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Promoting British Values

Democracy:

Democracy is evident within the school. Pupils have the opportunity to have their voices heard through our Pupil Council and Pupil questionnaires. The elections of Head Girl and Head boy and House Captains, as well as the weekly Golden certificate and the end of term Ethos Award. Our school behaviour policy involves rewards which the pupils vote on as a class group.

The Rule of Law:

The importance of Laws, whether they be those that govern the class, the school, or the country, are consistently reinforced throughout regular school days, as well as when dealing with behaviour and through school assemblies. Pupils are taught the value and reasons behind laws, that they govern and protect us, the responsibilities that this involves and the consequences when laws are broken. Visits from authorities such as the Police; Fire Service; Lifeguards etc. are regular parts of our calendar and help reinforce this message.

Individual Liberty:

Christ the King is a Rights Respecting School. In our Christ the King we believe “rights” are things every child should have or be able to do. All children have the same rights and these rights are listed in the UN convention on the right of the child. We have considered these rights in terms of what is best, and age appropriate for the children in our school and in terms of what is critical to life and protection from harm. Within Christ the King, pupils are actively encouraged to make choices, knowing that they are in a safe and supportive environment. As a school we educate and provide boundaries for young pupils to make choices safety, through the provision of a safe environment and empowering education. Pupils are encouraged to know, understand and exercise their rights and personal freedoms and advise how to exercise these safely, for example through our E-Safety and PSHE lessons. Whether it is through choice of challenge, of how they record, of participation in our numerous extra-curricular clubs and opportunities, pupils are given the freedom to make choices.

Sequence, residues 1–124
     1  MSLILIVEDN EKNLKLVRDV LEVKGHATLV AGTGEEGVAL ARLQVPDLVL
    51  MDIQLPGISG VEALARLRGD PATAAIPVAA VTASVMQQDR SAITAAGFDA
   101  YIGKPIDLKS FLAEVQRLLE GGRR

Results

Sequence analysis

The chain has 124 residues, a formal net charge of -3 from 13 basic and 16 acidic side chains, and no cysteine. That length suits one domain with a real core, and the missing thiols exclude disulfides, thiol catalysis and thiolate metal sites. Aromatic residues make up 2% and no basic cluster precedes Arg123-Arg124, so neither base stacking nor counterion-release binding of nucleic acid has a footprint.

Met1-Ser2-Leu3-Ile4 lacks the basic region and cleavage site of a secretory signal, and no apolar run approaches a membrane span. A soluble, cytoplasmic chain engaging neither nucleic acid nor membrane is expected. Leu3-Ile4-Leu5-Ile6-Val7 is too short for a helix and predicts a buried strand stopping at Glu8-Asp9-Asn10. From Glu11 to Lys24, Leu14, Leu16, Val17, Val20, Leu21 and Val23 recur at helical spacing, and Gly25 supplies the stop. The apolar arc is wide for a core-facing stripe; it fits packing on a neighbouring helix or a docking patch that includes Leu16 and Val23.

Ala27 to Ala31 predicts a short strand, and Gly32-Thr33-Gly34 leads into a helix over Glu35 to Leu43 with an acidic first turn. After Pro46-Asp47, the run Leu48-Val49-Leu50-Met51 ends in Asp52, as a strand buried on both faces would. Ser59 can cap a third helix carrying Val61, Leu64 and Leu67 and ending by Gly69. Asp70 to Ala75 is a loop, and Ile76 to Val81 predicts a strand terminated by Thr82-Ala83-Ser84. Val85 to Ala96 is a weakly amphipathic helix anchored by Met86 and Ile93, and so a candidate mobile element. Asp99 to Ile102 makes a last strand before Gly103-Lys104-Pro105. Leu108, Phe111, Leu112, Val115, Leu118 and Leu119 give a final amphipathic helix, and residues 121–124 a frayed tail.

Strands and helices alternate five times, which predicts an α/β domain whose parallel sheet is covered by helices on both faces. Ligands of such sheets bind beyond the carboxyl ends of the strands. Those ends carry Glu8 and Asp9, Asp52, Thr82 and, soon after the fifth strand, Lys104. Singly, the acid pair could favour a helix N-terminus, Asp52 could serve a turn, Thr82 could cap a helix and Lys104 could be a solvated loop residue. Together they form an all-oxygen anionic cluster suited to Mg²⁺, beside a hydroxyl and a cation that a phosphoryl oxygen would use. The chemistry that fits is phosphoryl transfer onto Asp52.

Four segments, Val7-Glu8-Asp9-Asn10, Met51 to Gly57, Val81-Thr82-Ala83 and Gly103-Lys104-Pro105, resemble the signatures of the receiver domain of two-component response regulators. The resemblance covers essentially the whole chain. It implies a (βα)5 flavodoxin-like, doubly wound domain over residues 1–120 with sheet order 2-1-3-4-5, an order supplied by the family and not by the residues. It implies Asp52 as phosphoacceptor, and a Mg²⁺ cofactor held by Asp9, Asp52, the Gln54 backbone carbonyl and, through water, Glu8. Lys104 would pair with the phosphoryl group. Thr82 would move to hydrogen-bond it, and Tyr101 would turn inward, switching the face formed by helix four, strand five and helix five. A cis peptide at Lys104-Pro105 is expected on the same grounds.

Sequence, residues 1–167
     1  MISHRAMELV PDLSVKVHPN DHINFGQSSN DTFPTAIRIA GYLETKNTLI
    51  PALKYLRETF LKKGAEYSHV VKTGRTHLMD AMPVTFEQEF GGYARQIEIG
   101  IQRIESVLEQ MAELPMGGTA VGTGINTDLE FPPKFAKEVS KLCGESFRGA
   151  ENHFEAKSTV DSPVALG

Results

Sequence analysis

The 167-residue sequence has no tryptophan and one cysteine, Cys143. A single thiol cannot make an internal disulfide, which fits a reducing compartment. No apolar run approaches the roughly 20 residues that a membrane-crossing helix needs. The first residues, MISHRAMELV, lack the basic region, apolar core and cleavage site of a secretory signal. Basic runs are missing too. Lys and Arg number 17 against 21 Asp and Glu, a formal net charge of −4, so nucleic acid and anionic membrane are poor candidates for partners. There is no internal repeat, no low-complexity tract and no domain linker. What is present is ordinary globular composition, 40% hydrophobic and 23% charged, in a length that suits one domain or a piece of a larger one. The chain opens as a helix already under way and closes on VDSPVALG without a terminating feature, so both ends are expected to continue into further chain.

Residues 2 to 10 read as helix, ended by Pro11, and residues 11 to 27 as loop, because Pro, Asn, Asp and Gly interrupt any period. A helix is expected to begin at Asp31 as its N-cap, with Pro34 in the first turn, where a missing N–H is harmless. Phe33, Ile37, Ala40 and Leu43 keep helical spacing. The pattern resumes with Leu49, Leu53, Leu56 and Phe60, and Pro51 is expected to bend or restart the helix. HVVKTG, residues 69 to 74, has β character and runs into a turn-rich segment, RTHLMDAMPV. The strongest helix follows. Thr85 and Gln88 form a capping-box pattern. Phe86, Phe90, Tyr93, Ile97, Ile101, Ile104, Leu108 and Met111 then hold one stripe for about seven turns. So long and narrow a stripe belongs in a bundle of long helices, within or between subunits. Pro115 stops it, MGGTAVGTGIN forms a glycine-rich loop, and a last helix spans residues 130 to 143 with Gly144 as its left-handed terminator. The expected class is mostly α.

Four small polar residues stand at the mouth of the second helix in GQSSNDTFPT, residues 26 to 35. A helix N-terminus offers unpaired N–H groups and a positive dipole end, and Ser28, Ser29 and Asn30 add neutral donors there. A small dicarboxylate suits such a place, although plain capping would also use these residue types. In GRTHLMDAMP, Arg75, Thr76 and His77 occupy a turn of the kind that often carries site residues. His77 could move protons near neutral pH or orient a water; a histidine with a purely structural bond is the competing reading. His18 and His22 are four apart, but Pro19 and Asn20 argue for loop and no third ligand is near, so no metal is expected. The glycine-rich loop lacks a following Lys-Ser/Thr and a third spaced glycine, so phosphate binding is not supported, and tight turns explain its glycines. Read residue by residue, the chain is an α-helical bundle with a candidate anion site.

Mutual Respect:

Part of our school ethos and behaviour policy has revolved around the Gospel Core Values such as Love, Faith, Hope, Truth, Joy, Prayer and Mission. Pupils have been part of discussions and assemblies related to what this means and how it is shown. Posters around the school promote respect for others and this is reiterated through our classroom and learning rules, as well as our behaviour policy.

Tolerance of those of Different Faiths and Beliefs:

This is achieved through enhancing pupils understanding of their place in a culturally diverse society and by giving them opportunities to experience such diversity. Assemblies and discussions involving prejudices and prejudice-based bullying have been followed and supported by learning in RE and PSHE. Members of different faiths or religions are encouraged to share their knowledge to enhance learning within classes and the school. We have built into our curriculum One World Week every January when each class adopts a country and a culture to study. Our School Council is very successful in promoting tolerance of other faiths in particular with their charity work. The whole school supports CAFOD, Save the Children, and Mary Thompson Fund for refugees, Mission Together, Zoe’s Place and when there is a specific need with any global catastrophe.

Christ the Kings British Values Statement:

Democracy:

Christ the King upholds and explores this value.

  • The school processes are democratic, for staff and pupils alike.
  • Pupils' voices are heard and have an appropriate influence on the life of the school.
  • Teachers are consulted and included in the decision-making process.
  • Teachers are aware of their own undemocratic tendecies in favouring or punishing certain types of children. Senior school leaders share recent research on fairness in the classroom, e.g. in outcomes by race or gender.